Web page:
If you're like most Americans, you don't wear a wristwatch. But increasingly, electronics companies are betting you'll slap one on your wrist if it's more like a smartphone than a simple timepiece.
In the past year, Sony and startup Pebble have released devices called "smart watches" because they take on some of the functions of a smartphone. In the near future, those devices will be joined by many others — including, if the rumors are true, Apple's much buzzed-about iWatch.
But just what is a smart watch and why would anyone want one?
At least as they exist today, smart watches are accessories to smartphones. Some have touch screens and run applications, but they're designed mainly to allow users to interact with or view information from their phones. Instead of having their own connection to the Internet, they connect to users' smartphones via Bluetooth.
Smart watches deliver notifications, telling users when they've received text and email messages, showing the caller ID for incoming calls and alerting users to new Facebook or Twitter posts.
They also allow users to control apps on their phones. Users can answer calls and start playing their music or fast-forward to the next song by tapping buttons on their smart watch. And working with apps and sensors on the phone, they can allow users to keep track of their workouts, showing the distance run or time elapsed.
Oh, and they also tell time.
But, you might note, you can already do all of these things with your smartphone. Why would you need another device? The answer, advocates and analysts say, is that there are times when it's easier to simply glance at a watch than to interact with your phone.
Say you're listening to music on your phone while running and want to jump to the next song. Instead of pulling out your phone, waking it up and finding the music controls — a difficult proposition while you're jogging along — you could simply press a button or two on your wristwatch. Or say you are in a meeting, but want to know if your spouse calls or messages you. Glancing at a watch might be less obtrusive or rude than constantly staring at your smartphone.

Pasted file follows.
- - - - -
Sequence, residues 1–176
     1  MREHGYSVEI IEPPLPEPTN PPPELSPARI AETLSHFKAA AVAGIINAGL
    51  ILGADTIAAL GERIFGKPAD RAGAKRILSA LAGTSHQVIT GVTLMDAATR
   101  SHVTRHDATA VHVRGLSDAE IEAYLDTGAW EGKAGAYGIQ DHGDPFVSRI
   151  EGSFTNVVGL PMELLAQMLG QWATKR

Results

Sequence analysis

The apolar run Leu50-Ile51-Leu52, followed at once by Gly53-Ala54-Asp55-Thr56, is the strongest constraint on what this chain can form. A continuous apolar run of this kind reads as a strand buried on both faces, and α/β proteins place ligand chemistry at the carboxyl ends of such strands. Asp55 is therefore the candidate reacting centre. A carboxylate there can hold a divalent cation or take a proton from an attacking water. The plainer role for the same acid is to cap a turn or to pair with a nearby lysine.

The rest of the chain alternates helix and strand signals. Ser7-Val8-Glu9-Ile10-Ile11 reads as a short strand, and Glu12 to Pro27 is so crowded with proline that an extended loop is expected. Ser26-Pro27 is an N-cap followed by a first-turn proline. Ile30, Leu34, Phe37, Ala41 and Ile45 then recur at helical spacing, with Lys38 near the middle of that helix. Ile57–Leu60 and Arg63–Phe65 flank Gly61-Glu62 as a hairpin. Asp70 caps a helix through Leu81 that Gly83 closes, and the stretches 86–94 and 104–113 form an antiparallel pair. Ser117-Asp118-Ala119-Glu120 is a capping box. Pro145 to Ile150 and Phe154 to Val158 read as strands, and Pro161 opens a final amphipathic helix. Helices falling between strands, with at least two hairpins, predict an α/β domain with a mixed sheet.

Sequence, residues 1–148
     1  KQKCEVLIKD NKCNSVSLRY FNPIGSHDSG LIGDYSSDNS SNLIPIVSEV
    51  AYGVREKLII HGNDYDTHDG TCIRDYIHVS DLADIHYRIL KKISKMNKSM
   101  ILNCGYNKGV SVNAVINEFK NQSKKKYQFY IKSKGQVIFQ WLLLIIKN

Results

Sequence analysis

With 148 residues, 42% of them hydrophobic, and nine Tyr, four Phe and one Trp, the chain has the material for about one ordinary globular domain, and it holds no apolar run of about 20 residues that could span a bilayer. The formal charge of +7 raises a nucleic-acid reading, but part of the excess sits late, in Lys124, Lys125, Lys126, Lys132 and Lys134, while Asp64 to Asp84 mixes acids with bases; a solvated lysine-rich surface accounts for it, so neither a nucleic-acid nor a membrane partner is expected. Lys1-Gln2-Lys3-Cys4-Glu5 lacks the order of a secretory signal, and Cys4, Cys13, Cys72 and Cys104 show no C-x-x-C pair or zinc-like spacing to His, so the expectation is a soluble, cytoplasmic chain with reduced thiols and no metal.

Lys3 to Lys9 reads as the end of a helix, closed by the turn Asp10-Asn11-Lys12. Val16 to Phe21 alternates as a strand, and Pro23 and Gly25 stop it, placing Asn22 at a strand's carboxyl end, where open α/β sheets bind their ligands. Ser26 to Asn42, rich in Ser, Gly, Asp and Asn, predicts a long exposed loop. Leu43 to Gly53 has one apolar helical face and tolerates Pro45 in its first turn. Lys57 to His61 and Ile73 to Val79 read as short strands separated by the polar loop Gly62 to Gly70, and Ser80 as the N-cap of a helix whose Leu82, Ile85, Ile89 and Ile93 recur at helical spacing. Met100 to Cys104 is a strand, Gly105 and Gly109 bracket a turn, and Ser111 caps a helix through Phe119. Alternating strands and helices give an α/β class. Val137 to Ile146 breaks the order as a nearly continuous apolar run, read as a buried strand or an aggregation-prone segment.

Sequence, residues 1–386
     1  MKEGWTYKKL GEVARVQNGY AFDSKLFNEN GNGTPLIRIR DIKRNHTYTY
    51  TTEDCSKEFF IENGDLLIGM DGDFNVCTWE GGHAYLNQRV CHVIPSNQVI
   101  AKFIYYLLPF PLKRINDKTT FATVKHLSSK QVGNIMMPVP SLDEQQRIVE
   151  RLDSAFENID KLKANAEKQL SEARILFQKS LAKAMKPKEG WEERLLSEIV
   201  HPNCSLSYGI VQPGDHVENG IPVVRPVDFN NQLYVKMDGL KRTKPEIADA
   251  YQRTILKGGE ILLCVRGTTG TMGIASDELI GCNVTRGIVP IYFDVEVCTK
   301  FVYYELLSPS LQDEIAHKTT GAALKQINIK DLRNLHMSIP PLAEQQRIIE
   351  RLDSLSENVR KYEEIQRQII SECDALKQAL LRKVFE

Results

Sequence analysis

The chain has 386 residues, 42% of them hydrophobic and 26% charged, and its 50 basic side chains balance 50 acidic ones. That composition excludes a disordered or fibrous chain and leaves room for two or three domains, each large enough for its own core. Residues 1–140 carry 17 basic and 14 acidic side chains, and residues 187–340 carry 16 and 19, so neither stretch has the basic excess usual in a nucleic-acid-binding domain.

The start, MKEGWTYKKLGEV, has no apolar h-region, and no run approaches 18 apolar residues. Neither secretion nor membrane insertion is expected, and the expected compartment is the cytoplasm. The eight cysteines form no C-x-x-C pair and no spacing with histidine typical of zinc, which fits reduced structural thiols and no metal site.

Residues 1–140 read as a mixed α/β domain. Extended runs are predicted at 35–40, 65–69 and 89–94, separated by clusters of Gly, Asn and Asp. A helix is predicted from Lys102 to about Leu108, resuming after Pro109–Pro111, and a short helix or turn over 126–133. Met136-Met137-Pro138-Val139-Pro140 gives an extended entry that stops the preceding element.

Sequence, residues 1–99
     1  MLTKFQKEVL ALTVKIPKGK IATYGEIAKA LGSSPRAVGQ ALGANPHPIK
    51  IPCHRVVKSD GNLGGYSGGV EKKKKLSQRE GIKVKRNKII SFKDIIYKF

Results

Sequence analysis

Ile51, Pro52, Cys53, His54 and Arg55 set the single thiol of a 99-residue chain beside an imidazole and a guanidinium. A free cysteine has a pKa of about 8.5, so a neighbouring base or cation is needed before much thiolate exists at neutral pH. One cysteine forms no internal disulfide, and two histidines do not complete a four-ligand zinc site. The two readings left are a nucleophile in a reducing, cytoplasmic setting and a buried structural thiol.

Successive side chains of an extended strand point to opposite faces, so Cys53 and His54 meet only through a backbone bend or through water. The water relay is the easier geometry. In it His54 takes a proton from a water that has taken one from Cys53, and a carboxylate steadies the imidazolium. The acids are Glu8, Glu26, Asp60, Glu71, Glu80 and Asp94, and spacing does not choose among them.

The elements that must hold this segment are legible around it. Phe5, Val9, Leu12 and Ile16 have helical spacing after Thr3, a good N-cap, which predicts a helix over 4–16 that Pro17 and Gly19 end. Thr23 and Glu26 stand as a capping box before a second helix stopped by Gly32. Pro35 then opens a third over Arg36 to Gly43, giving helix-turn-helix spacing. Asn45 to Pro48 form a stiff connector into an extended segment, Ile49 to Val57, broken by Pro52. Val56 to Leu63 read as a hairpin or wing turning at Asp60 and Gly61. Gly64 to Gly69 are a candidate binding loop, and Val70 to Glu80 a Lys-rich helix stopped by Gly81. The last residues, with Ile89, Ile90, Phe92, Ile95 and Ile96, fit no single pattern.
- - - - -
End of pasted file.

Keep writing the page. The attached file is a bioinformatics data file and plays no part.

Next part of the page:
"There are folks out there that are tied to their phone; their phone is their life," said Angela McIntyre, an analyst who covers the wearable technology market for technology research firm Gartner. "Being able to have a second screen for your phone on your wrist, so you don't have to take out your smartphone and do things with it when it's inconvenient, could be useful for them."
And soon, smart watches may do a lot more. Both Sony and Pebble are encouraging software developers to make apps for their devices. Already, owners can play simple games on Sony's gadget or use it as a remote control for a smartphone's camera.
In the future, smart watches may even replace smartphones by including cellular and Wi-Fi radios. Those would allow users to make and receive calls or send messages directly through their watches without having to carry around a phone. And they could allow users to unlock the doors of their car or set their home alarm with just their watch.
"What you do on a phone now or a tablet now, ultimately, you can do most or all of those on a watch," said Marshal Cohen, who covers the watch industry as the chief retail analyst at market research firm NPD Group.
Some early adopters find smart watches useful. Cupertino, Calif., voice actor Dana Marks said he ordered a Pebble because he thought it would be less distracting and annoying to receive notifications on it than the audible dings his smartphone made.
With the Pebble, "I don't have to keep pulling my phone out of my pocket and unlocking it to see what's going on," said Marks, 67.
San Francisco resident Julie Price, a distance running coach and health game developer, said she got interested in the Pebble because of its potential as a fitness watch. Price, 39, says she now wears her Pebble all the time. One of the things she loves about it is its caller ID feature.
"I first thought that was so silly — you can't take your phone out of your pocket?" she said. "But it's really, really helpful."
Of course, not everyone is enthusiastic about smart watches or the potential demand for them. Americans largely gave up wearing wristwatches when they started using cellphones, noted NPD's Cohen. Convincing them to wear a watch again — or, for younger consumers, for the first time — may take some effort.
Their appeal is also likely to be limited because they are smartphone accessories rather than independent devices. Not everyone with a smartphone will buy or even want an extra device to carry around. For now, few consumers see a real need to have one. Technology research firm IDC recently surveyed consumers, assessing their interest in various smart watch features. Not one of the features registered strong interest from more than 15 percent of consumers.
"In terms of level of interest, that's incredibly low," said Jonathan Gaw, a consumer technology analyst at IDC.